In contrast to the classical tradiiton, he [Pannenberg] declares that truth is not found in the unchanging essences lying behind the flow of time, but is essentially historical and ultimately eschatological. Until the eschaton, truth will remain provisional and truth claims contestable. Therefore, theology, like all human knowledge, is provisional. It simply cannot pack into formulas the truth of God. The future alone is the focal point of ultimate truth. As a result, all dogmatic statements are hypotheses to be tested for coherence with other knowledge. This, he claims, is in accordance with the Scriptures, which declare that only at the end of history is the deity of God unquestionably open to all-an event. However, that is anticipated in the present.My immediate reaction upon reading this is disbelief that a man of Pannenberg's stature could be so confused. After all I've seen good things he's written. I feel constrained, then, to at least try and give him the benefit of a doubt. Still, I find this difficult.
Okay, it is true that from a human vantage point we do not have the omniscience of God. That is a given. It is also true that we do not have the fullness of what will be revealed when we see Him face-to-face, deo volente. But is it not true that "David the son of Jessie was King of Israel?" Do we not have the capacity, even with our puny finite minds, to know that? Is this not a fact for us as it is also for God? God may know it more fully--viz, in all of its exhaustive implications--but do we not also know, even if in some lesser sense, this same fact? There are no degrees of truth, though there are degrees of comprehension of the implications of a truth. But do we not know the same truth that God knows in this case?
Let me comment on Pannenberg:
In contrast to the classical tradiiton, he [Pannenberg] declares that truth is not found in the unchanging essences lying behind the flow of time, but is essentially historical and ultimately eschatological.It seems to me that Pannenberg here confuses truth with knowledge of truth. Truth is immutable fact. God knows it exhaustively. OUR knowledge of truth is only partial because WE are immersed in the historical flow of time; and therefore it is accurate to say that FOR US our KNOWLEDGE of truth has an eschatologically anticipatory dimension, yes. But this doesn't mean that truth itself is in process, except in the equivocal sense that what we TAKE TO BE "truth" is only partial, perhaps.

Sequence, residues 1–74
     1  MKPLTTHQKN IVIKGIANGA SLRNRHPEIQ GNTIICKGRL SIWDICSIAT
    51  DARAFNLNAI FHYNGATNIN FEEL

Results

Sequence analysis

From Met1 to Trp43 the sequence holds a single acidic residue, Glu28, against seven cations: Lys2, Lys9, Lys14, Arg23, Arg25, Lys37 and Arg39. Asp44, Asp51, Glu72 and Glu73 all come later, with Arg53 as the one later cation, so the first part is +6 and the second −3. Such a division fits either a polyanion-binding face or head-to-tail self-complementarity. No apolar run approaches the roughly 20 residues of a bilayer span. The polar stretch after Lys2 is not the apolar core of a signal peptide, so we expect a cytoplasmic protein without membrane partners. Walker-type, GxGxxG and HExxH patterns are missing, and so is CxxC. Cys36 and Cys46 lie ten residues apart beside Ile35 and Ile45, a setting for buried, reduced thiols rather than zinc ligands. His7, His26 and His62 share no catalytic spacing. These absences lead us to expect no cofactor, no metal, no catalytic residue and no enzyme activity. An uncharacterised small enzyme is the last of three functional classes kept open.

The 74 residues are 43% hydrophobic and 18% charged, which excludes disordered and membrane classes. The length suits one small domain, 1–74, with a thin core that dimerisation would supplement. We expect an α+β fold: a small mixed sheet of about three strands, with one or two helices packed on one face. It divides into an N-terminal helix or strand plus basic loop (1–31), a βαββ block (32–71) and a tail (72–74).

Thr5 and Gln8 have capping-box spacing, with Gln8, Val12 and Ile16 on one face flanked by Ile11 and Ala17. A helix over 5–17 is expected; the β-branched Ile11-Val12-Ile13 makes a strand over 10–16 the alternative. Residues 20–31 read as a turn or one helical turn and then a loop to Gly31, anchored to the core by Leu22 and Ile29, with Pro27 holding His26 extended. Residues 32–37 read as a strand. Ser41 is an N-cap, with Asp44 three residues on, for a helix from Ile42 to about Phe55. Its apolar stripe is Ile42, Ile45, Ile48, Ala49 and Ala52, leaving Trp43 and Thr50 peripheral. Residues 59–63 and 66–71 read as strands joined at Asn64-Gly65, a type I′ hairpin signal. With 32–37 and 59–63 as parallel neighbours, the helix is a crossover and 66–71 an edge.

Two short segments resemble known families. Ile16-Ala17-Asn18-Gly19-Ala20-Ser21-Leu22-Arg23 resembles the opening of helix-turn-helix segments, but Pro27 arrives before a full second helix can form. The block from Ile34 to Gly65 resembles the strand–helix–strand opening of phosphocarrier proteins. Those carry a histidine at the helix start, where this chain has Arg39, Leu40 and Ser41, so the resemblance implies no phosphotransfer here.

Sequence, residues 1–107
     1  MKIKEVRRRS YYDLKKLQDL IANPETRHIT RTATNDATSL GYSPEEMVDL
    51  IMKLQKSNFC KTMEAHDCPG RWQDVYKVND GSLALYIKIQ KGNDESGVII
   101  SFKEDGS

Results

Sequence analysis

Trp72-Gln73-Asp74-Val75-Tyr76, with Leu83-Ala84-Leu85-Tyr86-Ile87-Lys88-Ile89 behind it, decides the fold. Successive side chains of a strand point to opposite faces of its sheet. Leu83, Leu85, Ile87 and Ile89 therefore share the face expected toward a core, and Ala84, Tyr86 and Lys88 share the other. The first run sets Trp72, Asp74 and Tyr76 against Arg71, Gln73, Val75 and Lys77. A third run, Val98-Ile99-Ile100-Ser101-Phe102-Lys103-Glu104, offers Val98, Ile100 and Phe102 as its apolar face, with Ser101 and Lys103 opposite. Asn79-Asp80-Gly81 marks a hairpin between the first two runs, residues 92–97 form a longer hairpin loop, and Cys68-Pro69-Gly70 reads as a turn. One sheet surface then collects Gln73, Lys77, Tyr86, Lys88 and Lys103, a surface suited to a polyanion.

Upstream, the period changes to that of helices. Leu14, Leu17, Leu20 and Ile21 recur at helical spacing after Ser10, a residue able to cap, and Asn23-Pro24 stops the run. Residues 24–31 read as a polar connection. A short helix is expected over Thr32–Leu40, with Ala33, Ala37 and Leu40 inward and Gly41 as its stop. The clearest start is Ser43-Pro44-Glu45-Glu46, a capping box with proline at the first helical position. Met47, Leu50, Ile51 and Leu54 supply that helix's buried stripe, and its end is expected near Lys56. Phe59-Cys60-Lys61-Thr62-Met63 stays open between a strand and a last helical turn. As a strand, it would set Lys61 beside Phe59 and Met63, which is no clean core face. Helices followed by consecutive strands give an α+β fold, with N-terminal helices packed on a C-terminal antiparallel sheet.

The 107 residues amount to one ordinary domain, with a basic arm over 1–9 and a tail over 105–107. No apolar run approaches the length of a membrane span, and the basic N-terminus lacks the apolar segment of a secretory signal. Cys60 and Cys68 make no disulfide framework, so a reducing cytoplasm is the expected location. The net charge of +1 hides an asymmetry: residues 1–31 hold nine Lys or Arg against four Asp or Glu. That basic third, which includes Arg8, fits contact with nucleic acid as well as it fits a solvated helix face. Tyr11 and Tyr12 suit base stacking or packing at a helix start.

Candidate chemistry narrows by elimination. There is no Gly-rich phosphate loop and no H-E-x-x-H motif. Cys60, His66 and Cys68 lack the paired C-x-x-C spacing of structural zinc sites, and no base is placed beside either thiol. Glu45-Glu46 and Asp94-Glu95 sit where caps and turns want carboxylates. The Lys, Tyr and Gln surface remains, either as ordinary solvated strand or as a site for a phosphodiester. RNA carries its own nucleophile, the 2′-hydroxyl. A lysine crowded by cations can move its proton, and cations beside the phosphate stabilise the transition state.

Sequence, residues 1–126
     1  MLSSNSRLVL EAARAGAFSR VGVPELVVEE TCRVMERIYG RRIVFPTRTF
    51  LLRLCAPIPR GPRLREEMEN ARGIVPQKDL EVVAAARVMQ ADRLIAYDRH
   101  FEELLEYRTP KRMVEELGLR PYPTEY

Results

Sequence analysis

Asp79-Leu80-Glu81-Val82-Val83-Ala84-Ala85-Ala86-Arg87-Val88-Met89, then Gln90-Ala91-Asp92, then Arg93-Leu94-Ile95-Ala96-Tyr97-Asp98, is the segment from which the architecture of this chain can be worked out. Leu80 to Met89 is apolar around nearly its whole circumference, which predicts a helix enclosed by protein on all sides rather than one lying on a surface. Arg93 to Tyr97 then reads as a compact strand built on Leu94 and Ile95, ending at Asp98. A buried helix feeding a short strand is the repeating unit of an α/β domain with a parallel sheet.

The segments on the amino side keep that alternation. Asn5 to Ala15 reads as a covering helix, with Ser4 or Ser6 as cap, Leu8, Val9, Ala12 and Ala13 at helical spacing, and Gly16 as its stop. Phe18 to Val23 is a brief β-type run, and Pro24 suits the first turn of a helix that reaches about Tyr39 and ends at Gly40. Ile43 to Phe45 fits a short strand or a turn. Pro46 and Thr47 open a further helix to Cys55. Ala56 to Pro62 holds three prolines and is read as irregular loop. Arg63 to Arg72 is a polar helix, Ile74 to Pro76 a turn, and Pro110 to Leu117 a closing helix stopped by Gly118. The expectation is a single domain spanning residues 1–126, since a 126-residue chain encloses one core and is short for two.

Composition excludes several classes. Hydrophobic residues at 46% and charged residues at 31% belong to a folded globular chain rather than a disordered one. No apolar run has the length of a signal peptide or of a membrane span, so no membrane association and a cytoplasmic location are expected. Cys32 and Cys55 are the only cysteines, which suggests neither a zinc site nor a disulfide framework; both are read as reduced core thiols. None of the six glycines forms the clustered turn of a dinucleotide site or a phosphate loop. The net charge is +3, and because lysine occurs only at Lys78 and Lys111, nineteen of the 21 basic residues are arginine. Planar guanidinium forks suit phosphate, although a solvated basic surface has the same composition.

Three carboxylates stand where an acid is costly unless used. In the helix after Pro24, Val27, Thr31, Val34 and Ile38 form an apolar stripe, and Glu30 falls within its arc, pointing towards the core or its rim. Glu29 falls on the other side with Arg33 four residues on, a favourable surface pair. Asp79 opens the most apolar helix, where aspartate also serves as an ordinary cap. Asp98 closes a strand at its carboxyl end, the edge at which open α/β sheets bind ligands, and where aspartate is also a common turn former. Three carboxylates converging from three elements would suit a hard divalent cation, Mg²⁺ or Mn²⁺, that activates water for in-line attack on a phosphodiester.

Until the eschaton, truth will remain provisional and truth claims contestable.I would rather put it thus: until the eschaton, our knowledge of truth will remain provisional and our truth claims contestable.
Therefore,theology, like all human knowledge, is provisional.Depending on what one means by "theology." What Jesus tells us about God in the Gospels may be understandable by us only in a limited and provisional way, but I would not want to say that the truths He spoke in the Gospels is in any way provisional. There is nothing "provisional" about even the mundane truth that David was king of Israel.
It simply cannot pack into formulas the truth of God.No? Come on: this is nonsense. "God is spirit." "God is one." "God made us." Call those "formulas," if you like. What's impossible about them? What's provisional about them? Nothing. My understanding of those propositions may be limited and provisional. But there's NOTHING provisional about the truths they express.
The future alone is the focal point of ultimate truth.So is the past: "If Christ has not been raised, your faith is futile and you are still in your sins." (I Cor. 15:17) It may be true that the full implications of that are only known to the mind of God, and that we humans will only begin to grasp the fullness of its meaning in the eschaton. Yet I would be loath to think that this truth is unknown to me from St. Paul's epistle, or that there is anything provisional about the truth.
As a result, all dogmatic statements are hypotheses to be tested for coherence with other knowledge.Well, of course, that's the Church's job, if one means that the Church refines and further defines our understanding of those dogmatic statements in response to challenges from skeptics, heretics, and, well, inquirers. But it would be absolutely wooly-minded to think that the Church's job is to suspend belief her own defined dogmas and treat them as tentative hypotheses. For example, it would be utter nonsense and heresy for a priest to tell his congregation: "Well now, we have always taught that God is personal and loving, but it may turn out 6.5 billion years from now, as the Church's understanding deepends, that we learn that God is more like an
impersonal force-field and that the notion of its having something like "love" for us was pure anthropomorphism. Sorry, folks!"
This, he claims, is in accordance with the Scriptures, which declare that only at the end of history is the deity of God unquestionably open to all-an event. However, that is anticipated in the present."Again, I have no quarrel with the language of Scripture on these points, because Scripture never casts into doubt the assumption that our partial knowledge refers to unalterable truths of fact. Hence, the most charitable thing I can say here of this statement of Pannenberg, for whom I otherwise have considerable respect, is that it involves a careless confusion of truth with knowledge of truth.
Pannenberg's own discussion of truth can be found in his 2 volume Basic Questions in Theology (Philadelphia: Fortress Press, 1971), under "Basic Questions," pp. 1-27.